At its TechEd Europe conference in Amsterdam next week, Microsoft Corp. will announce the first official beta release of Visual Studio 2005, which will include the Team Architect version of the Visual Studio Team System technology Microsoft announced last month at its TechEd conference in San Diego.
Sources close to the company said the beta software should be available for download by the end of next week. More and more of the Visual Studio Team System will find its way into Visual Studio 2005 in future releases, sources said.
Meanwhile, Microsoft will announce Express versions of its popular tools, including Visual Web Developer 2005 Express Edition for building Web sites and Web services; Visual Basic 2005 Express Edition, which is aimed at helping beginners learn to program; Visual C# 2005 Express Edition, Visual C++ 2005 Express Edition and Visual J# 2005 Express Edition, for students and hobbyist developers; and SQL Server 2005 Express Edition, a lightweight version of SQL Server, also for students and hobbyist types.
In addition, Microsoft will release the MSDN (Microsoft Developer Network) Product Feedback Center, which the company code-named Ladybug. The MSDN Product Feedback Center will serve as a suggestion box and bug database for developers to send information about Microsofts tools and products, beginning with Visual Studio 2005 and the .Net Framework 2.0, sources said.
The Ladybug bug-logging system, while public, is targeted specifically at developers, as opposed to typical end users. The technology has roots in the Watson crash/hang reporting system. Ladybug is part of Microsofts campaign to gather information that goes beyond the usual Windows and Office crash/hang reports from its various customer bases.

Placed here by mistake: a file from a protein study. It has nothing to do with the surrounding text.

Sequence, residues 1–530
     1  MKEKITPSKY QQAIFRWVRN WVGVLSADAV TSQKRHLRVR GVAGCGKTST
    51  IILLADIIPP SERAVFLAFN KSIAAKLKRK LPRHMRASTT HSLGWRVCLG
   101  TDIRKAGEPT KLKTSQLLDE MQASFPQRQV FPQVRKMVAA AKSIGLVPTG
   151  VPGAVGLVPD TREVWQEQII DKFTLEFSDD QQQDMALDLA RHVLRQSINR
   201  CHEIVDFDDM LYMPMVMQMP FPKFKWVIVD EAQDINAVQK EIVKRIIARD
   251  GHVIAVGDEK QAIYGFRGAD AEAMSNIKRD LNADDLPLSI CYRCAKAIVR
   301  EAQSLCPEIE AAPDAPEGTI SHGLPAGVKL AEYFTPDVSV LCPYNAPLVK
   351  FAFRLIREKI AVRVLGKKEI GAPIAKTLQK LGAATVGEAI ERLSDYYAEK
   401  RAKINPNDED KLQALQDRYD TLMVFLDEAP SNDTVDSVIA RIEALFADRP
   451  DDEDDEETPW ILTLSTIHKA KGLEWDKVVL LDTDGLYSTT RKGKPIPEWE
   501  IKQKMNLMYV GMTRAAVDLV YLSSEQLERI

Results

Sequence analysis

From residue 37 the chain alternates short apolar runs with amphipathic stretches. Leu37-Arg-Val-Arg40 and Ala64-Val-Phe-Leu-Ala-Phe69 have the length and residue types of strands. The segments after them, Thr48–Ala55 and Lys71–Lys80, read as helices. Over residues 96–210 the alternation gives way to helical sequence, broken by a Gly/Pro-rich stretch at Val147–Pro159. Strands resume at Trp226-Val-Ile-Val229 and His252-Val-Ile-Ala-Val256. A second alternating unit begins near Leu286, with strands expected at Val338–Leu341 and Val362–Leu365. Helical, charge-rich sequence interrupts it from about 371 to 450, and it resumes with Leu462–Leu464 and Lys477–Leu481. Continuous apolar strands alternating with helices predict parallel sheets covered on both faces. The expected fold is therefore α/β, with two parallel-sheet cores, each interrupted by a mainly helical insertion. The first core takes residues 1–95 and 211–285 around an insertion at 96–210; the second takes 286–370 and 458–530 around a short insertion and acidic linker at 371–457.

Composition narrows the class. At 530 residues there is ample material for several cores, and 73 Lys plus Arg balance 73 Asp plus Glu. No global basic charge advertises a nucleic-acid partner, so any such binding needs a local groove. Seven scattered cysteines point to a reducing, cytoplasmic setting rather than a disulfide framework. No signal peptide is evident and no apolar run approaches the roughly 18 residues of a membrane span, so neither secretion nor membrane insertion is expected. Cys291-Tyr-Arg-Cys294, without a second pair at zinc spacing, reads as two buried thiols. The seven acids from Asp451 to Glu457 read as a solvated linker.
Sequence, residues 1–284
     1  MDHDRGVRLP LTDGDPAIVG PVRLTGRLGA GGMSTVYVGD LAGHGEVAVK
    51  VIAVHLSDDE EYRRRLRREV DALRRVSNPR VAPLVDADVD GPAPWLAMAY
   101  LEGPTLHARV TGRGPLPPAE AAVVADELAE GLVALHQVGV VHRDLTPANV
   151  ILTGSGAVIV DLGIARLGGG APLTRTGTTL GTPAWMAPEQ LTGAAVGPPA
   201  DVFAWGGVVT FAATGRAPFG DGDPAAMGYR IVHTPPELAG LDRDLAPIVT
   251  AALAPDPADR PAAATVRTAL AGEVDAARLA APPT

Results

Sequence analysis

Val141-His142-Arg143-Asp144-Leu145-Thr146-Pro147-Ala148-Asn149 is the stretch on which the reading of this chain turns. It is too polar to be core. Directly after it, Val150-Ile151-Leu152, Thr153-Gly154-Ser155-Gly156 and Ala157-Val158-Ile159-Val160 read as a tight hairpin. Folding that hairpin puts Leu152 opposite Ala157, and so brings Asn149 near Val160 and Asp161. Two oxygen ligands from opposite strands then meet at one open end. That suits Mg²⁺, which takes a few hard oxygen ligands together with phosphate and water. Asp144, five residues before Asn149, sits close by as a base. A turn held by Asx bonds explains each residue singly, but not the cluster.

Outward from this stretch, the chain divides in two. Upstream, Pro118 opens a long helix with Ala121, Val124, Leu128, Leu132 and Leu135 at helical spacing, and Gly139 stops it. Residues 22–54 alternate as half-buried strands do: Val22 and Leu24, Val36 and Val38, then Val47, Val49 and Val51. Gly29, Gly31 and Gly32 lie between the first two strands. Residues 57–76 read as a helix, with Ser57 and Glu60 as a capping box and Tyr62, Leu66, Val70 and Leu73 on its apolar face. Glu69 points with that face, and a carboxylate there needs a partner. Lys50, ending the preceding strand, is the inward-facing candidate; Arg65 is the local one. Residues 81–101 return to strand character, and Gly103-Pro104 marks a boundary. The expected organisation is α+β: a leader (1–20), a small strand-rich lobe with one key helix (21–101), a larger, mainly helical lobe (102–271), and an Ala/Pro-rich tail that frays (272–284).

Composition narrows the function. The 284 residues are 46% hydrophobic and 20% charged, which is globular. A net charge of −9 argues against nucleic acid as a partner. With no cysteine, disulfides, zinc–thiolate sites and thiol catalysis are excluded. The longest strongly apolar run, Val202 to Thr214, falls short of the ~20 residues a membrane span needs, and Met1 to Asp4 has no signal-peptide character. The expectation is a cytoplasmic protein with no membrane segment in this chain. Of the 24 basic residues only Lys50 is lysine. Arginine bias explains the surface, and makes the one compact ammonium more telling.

Theresa Lanowitz, an analyst at Gartner Inc., of Stamford, Conn., called the Microsoft Visual Studio Team System announcement “strong” following its launch at the Microsoft conference in San Diego.
In an interview following the conference, Lanowitz told eWEEK: “With this announcement, Microsoft is legitimizing the whole concept of the application development life cycle and getting people to think in terms of the whole application—from the line of business requirements to production. Microsoft understands the developer better than any other software vendor. If they can get those at the coding level to start thinking about software quality earlier in the life cycle, i.e., unit testing, that is a huge victory for the ultimate customer.”
Meanwhile, Microsoft has experience developing tools for hobbyists. Two years ago Microsoft posted its ASP.Net Web Matrix tool for download, describing the free tool as a “community-supported” design tool for hobbyists rather than for professional developers. ASP.Net is Microsofts platform for developing .Net Web applications. ASP.Net is part of the Microsoft .Net Framework.
Microsoft Watchs Mary Jo Foley contributed to this report.